recognize what gives you stress

Maybe cleaning isn’t your coping mechanism. Some people eat sweets, some people run, some people sleep, others stop sleeping, while others lose themselves in a TV show or video game. Whatever your coping method is, it’s important to recognize it.

If you recognize the signs of a stressful time, it will better help you know how to destress your life by taking the right approach to mitigate the problem. From there, strategize ways to address the root cause of your distress.

Some people experience common signs of stress, while others show very minor symptoms that go unnoticed (but still ultimately take their toll. A friend of mine told me she really only notices she’s stressed when every little thing gets under her skin—an offhanded comment, traffic, minor inconveniences. Another friend grinds his teeth in his sleep.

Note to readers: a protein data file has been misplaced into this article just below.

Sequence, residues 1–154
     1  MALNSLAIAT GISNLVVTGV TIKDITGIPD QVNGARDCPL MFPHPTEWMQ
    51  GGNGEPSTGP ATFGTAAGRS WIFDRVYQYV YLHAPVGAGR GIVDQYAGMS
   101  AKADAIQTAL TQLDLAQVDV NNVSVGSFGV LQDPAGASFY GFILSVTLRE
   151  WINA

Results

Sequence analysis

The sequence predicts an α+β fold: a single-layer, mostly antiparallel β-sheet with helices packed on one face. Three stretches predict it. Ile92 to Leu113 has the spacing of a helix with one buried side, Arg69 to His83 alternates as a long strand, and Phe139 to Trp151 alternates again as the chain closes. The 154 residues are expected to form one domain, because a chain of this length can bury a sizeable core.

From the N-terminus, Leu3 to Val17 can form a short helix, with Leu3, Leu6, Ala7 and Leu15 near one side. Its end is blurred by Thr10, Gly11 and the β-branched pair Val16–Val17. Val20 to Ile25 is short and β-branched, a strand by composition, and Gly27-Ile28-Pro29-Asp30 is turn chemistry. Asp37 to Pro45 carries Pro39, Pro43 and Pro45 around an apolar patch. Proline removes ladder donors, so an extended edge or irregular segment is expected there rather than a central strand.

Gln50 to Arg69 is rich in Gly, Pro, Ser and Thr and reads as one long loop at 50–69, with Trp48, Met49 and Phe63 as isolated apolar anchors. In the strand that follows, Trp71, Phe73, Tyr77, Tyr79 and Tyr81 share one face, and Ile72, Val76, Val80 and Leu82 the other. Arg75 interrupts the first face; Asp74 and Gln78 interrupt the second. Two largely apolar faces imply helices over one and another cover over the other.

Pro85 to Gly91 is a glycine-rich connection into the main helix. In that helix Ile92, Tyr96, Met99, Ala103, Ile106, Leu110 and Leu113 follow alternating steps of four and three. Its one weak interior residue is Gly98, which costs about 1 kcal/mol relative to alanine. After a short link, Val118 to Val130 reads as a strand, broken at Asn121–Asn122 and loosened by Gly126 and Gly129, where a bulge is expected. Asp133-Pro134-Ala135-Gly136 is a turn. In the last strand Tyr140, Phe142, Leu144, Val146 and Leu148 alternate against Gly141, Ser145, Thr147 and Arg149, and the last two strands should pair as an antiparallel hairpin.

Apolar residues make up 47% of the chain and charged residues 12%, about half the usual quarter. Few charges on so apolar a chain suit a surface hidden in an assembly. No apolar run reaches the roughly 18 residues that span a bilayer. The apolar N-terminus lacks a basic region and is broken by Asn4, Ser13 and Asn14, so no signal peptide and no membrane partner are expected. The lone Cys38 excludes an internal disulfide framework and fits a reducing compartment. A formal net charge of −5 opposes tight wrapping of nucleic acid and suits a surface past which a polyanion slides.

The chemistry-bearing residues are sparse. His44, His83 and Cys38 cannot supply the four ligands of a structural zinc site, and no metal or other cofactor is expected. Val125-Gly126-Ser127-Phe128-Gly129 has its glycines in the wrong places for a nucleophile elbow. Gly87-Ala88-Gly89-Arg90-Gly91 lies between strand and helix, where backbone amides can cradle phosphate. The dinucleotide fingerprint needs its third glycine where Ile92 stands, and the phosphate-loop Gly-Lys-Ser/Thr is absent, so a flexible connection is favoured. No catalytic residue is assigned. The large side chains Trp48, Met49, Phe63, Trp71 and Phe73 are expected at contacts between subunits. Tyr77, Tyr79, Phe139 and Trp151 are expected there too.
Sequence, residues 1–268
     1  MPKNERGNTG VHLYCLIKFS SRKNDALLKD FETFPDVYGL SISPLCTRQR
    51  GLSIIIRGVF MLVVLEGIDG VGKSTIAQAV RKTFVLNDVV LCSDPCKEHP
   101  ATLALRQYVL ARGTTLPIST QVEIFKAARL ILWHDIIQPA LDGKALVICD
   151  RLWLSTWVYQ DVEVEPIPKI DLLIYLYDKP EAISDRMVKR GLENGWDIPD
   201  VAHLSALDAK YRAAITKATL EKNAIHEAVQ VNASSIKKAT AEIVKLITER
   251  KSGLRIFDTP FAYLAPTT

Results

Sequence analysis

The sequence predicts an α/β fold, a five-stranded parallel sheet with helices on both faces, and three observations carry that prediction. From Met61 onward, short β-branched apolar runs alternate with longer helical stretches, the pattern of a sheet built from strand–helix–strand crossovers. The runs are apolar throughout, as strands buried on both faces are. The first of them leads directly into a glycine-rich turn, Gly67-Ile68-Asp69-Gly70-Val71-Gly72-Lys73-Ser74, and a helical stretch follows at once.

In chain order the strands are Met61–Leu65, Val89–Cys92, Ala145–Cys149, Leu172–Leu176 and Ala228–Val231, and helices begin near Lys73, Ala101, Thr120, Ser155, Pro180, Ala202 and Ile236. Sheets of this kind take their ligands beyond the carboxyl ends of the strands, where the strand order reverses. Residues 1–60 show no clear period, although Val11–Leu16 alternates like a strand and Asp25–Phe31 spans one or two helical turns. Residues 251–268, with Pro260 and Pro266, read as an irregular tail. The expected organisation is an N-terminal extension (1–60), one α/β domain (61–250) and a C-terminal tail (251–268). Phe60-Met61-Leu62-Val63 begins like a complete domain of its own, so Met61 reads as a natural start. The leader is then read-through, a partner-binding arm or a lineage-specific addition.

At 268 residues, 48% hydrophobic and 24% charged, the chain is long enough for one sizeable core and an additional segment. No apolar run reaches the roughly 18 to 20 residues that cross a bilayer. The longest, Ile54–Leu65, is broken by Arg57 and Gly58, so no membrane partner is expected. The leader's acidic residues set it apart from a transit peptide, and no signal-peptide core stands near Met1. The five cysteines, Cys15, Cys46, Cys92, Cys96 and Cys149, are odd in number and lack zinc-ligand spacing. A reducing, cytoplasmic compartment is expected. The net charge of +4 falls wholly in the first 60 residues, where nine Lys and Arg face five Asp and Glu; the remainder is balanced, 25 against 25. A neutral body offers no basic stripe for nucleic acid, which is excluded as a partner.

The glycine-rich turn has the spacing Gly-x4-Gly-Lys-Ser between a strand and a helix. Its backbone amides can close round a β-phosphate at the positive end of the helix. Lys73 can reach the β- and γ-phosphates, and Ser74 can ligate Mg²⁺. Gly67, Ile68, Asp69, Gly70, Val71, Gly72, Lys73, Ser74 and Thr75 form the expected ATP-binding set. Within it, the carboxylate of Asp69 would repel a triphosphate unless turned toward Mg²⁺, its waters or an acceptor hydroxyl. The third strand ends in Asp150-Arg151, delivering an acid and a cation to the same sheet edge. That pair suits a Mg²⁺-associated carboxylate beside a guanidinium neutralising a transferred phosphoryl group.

Discover your signs of stress and learn to recognize them right away. This will help you start to plan your approach to address the stressors.

2. Cancel One Appointment

cancel one appointment to reduce your stress level

If you want to know how to destress your life, take a look at your calendar first. How packed is your agenda? How much free time do you have scheduled? Is your calendar full and your to-do list long?

The first action I take when I’m feeling stressed is to look at my schedule for the week and find something I can cancel. It doesn’t matter if it’s a fun social outing with a friend, an activity I had planned, or a show I have tickets for. I write it off.